Newly obtained documents shed light on how Maher Arar was freed from Syria only after direct communications between former prime minister Jean Chrétien and the President of Syria.
"Excellency, in these troublesome days I would hope that you give urgent attention to this matter," Mr. Chrétien wrote to Syrian President Bashar Assad in July, 2003. People close to the Arar case say that the correspondence was crucial to winning the Canadian citizen's release from a Syrian jail three months after the letter was delivered.
"I would further ask that consideration be given, on humanitarian and compassionate grounds, to having Mr. Arar released and permitted to return to Canada," Mr. Chrétien wrote. "I can assure you there is no Canadian government impediment to his return."
The letter was hand-delivered by Senator Pierre de Bané as the case was causing a growing public outcry in Canada. By the time the letter was sent, Mr. Arar now says, jailers in the police state had tortured him. And at the time, he was still facing the prospect of being tried as an alleged al-Qaeda member.
The Chrétien correspondence will be examined at the public inquiry into Mr. Arar's detention, though there are no plans as yet to call the former prime minister as a witness. The inquiry, led by Mr. Justice Dennis O'Connor, has been bogged down by national-security issues. Public hearings that were suspended in the summer are not expected to resume before the mid- to late winter.
Researcher Ken Rubin obtained the Chrétien letter, which has not been made public before, through the Access to Information Act. Mr. Rubin obtained the materials on behalf of Mr. Arar, who spent a year jailed in the Middle East, and is now suing Canadian, U.S. and Syrian officials.
In September, 2002, the computer engineer was deemed an al-Qaeda suspect by U.S. immigration authorities, who arrested him in a New York airport. They sent the Ottawa resident to his native Syria against his wishes. The U.S. suspicions flowed, at least partly, from an RCMP national-security investigation that continues today but which has yet to result in any arrests.
Two Syrian-Canadians with whom Mr. Arar was acquainted in Canada were major targets of the probe and had, by the time of Mr. Arar's deportation, already been separately jailed as they travelled to Syria. These men were freed early this year and allowed to return to Canada without charge.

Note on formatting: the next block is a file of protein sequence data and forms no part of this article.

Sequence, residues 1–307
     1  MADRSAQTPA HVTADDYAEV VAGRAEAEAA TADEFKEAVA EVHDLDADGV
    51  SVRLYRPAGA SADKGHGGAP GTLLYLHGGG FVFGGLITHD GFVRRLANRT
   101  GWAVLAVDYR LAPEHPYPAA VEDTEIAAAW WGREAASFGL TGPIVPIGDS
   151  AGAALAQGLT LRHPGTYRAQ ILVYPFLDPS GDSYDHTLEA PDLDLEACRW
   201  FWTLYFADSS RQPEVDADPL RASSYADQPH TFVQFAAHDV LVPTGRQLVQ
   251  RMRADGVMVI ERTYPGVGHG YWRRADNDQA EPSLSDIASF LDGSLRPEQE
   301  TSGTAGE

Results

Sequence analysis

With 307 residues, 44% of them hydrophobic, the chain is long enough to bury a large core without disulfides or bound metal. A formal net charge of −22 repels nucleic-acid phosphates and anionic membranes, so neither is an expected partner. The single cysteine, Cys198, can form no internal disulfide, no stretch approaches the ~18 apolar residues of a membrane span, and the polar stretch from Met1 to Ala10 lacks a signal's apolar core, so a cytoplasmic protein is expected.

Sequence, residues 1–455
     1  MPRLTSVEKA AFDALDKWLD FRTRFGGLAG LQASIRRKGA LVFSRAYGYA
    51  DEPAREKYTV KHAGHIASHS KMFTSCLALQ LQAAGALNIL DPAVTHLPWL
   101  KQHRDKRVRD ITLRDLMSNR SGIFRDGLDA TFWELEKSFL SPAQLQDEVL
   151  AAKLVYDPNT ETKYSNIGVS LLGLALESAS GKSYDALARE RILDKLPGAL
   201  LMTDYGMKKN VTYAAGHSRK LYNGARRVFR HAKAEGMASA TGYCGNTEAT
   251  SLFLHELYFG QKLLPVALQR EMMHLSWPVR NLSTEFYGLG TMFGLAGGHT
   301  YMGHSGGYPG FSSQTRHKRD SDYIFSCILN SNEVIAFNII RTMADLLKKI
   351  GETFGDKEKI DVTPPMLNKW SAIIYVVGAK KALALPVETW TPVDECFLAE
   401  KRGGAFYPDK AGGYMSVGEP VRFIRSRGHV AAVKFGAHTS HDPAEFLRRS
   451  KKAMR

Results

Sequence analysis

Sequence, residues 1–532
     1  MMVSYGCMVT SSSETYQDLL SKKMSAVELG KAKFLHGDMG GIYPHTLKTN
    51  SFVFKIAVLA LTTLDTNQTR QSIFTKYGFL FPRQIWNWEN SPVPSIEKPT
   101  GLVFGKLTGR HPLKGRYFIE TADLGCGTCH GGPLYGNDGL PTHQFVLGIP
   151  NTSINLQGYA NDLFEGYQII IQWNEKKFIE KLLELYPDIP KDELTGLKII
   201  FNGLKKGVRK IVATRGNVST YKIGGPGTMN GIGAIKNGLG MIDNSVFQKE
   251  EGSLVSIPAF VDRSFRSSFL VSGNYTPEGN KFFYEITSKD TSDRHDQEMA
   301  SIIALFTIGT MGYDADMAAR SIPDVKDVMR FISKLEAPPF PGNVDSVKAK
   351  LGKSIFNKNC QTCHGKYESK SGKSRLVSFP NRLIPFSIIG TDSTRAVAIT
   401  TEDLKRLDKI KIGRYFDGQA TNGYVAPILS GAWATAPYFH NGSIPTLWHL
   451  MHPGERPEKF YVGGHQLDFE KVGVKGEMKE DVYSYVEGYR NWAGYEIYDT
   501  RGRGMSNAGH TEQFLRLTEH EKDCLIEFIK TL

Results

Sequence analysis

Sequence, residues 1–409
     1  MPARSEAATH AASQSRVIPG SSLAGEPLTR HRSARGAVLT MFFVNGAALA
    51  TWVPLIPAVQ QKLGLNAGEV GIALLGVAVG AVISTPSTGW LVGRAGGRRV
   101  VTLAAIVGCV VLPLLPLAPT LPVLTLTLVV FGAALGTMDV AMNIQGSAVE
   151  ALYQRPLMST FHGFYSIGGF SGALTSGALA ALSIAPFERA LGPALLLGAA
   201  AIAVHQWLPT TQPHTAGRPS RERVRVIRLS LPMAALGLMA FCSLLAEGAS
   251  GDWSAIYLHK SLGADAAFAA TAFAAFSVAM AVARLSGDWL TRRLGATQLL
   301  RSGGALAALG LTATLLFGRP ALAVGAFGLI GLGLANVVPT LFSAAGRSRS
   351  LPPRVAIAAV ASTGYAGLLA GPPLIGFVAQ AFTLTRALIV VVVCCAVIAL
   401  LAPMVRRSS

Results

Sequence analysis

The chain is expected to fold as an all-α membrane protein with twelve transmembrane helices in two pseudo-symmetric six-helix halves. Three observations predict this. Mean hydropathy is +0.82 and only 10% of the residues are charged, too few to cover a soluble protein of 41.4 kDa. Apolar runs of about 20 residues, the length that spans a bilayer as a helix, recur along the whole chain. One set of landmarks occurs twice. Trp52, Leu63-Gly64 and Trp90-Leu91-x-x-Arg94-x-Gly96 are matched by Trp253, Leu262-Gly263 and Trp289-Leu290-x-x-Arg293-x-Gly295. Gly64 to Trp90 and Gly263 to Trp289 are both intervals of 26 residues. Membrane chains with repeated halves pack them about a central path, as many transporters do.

In the letter to Syria's President, Mr. Chrétien focused on the Arar case and said that it was a "kind and most gracious gesture" for Mr. Assad to meet with Mr. de Bané on such short notice.
During that trip, Mr. de Bané also visited Saudi Arabia to push for the release of another then-imprisoned Canadian, William Sampson, who was freed later that summer. By that time, Ottawa officials, including the prime minister, had already spent years pushing for Mr. Sampson's release.
Mr. Chrétien's phrasing about there being "no Canadian government impediment" to Mr. Arar's return to Canada echoed a letter previously sent by Bill Graham, then the minister of foreign affairs, to his Syrian counterpart. That letter was delivered by two MPs in the spring of 2003.
Previously released documents showed that top Mounties objected to early drafts of Mr. Graham's letter, which stated that "the government of Canada has no evidence that Mr. Arar was involved in any terrorist activities." These documents show that because the RCMP still considered Mr. Arar "a subject of great interest," it successfully fought to excise the phrase from all diplomatic correspondence to Syria.
The documents obtained by Mr. Rubin show that Mr. Chrétien wrote to Mr. Arar's wife in the spring of 2003, in response to her letters appealing for help. Mr. Chrétien said that he would do all he could for Mr. Arar, but the Syrians had said that they planned to put him on trial as an al-Qaeda member.
But after the letter to Mr. Assad, the trial did not take place.